Arrest that Speeding President

Posted: April 3, 2007 in Politics

There is a move afoot to impeach this President for “high crimes and misdemeanors.” There is quite a bit of proof that he has violated his oath of office to the extent that impeachment just might be appropriate. After all, we are a nation of laws. That idea used to its extremes creates a society of legal absolutism.

As of this date, I am reading “The Broken Branch How Congress Is Failing America and How to Get It Back on Track[1]”. The following is my opinion based on my reading of that book and my observations of the political process. I am gaining a better perspective by my participation in the process. The idea for this essay came to me after being engaged in a conversation about impeachment by another participant in the political process. He believes impeachment is the only answer.

Should the law always be enforced absolutely? Let’s take an example – not too far removed from the proposition that the President should be impeached. A man is speeding. A police officer stops him. The policeman sees a woman in the back seat obviously in very ill health. The man explains that he is trying to get his wife to the hospital before she dies. What is the policeman to do? Should he enforce the law absolutely and write the man out a ticket while his wife lies there and dies? Or, should he turn on his flashing lights and siren, get in front of the man and clear traffic to the hospital?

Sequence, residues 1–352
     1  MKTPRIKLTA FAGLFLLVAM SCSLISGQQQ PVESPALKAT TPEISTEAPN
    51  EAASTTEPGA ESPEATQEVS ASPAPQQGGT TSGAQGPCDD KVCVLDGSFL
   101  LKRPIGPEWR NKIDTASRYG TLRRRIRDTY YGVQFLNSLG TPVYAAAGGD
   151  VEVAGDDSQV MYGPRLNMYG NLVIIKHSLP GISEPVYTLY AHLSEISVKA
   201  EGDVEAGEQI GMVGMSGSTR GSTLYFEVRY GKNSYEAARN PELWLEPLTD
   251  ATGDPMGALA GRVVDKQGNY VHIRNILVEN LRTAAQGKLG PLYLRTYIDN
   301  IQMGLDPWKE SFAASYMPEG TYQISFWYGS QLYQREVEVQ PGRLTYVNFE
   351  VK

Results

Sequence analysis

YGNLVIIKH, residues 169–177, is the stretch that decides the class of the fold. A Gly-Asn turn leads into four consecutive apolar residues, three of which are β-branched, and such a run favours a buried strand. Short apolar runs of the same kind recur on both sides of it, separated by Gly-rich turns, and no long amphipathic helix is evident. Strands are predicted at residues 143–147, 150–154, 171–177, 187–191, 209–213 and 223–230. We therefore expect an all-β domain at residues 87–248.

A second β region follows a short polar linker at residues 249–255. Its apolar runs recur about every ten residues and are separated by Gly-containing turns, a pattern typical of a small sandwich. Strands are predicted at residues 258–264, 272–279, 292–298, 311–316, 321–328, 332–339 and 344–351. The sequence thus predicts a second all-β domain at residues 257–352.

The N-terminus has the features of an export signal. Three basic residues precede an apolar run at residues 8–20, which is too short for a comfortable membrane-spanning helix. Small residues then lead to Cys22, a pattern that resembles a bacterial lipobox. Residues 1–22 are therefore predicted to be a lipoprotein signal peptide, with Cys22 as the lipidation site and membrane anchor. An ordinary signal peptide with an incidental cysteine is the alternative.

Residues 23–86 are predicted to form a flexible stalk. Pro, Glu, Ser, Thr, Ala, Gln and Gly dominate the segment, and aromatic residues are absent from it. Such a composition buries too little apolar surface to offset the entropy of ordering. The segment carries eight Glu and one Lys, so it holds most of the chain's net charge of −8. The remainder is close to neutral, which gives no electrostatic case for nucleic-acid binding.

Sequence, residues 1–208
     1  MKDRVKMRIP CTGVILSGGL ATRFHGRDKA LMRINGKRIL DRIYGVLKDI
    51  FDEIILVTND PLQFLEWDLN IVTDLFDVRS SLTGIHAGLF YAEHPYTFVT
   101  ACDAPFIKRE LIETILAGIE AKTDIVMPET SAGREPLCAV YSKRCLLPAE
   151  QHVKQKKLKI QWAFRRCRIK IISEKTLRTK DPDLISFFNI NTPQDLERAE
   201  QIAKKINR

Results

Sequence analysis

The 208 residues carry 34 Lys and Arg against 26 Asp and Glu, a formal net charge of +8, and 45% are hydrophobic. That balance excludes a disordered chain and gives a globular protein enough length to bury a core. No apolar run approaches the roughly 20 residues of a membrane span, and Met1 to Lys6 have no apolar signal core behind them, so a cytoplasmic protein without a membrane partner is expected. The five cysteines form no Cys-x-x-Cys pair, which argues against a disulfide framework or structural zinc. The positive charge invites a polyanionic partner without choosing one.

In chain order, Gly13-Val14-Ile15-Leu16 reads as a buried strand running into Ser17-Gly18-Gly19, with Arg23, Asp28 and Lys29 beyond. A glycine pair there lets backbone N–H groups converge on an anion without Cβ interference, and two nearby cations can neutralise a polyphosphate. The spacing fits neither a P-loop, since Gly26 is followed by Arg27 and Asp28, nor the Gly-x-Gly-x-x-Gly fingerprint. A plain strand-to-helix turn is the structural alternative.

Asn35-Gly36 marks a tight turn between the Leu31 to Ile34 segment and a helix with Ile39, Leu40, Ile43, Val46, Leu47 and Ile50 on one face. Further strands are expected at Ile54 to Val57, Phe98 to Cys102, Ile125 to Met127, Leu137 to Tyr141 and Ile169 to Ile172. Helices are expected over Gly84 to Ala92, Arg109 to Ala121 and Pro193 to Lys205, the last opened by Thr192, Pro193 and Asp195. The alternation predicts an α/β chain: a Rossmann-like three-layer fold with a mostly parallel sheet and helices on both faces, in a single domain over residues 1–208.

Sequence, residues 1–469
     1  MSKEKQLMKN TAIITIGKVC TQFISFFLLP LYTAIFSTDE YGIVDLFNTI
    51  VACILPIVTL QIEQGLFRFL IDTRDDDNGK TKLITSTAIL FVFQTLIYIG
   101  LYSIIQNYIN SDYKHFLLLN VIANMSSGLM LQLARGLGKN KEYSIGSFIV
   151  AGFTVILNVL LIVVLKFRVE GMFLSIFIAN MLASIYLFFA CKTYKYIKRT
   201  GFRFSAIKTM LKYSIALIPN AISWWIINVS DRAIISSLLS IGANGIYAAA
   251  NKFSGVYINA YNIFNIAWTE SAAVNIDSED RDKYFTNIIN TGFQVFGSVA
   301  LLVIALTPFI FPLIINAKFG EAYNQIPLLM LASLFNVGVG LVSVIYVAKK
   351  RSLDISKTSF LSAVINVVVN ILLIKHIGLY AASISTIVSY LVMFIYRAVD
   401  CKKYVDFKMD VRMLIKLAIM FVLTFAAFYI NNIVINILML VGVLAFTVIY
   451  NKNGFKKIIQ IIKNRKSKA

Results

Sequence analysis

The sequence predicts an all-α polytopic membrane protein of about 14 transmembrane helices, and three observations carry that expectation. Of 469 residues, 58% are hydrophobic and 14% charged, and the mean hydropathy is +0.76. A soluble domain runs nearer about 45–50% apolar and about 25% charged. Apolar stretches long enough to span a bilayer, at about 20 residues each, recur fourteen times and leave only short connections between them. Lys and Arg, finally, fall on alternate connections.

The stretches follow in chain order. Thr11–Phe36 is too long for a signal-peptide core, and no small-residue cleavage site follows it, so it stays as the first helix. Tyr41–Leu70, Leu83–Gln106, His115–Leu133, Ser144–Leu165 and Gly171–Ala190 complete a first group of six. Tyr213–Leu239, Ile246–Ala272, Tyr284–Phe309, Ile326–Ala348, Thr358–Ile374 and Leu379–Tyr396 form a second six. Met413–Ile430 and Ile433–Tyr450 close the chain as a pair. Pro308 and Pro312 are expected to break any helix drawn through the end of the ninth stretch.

Should congress take the time to engage the President in an impeachment trial that will necessarily distract everybody involved from a crisis that, left unsolved, will plunge the middle east into chaos; thus destabilizing a region that is integral to the economic health of the world? Or, should congress engage the President in a dialog, exerting its constitutionally mandated oversight duty?

I believe this is what the newly elected Democratic majority has in mind. The leadership has an ambitious agenda that includes the successful resolution of the crisis in the Middle East. If the Democratic leadership does take the Administration under control and exert its advice and consent prerogative, it will make an improvement in how our government performs.

[1] By Thomas E. Mann and Norman J. Ornstein; Oxford University Press 2006;


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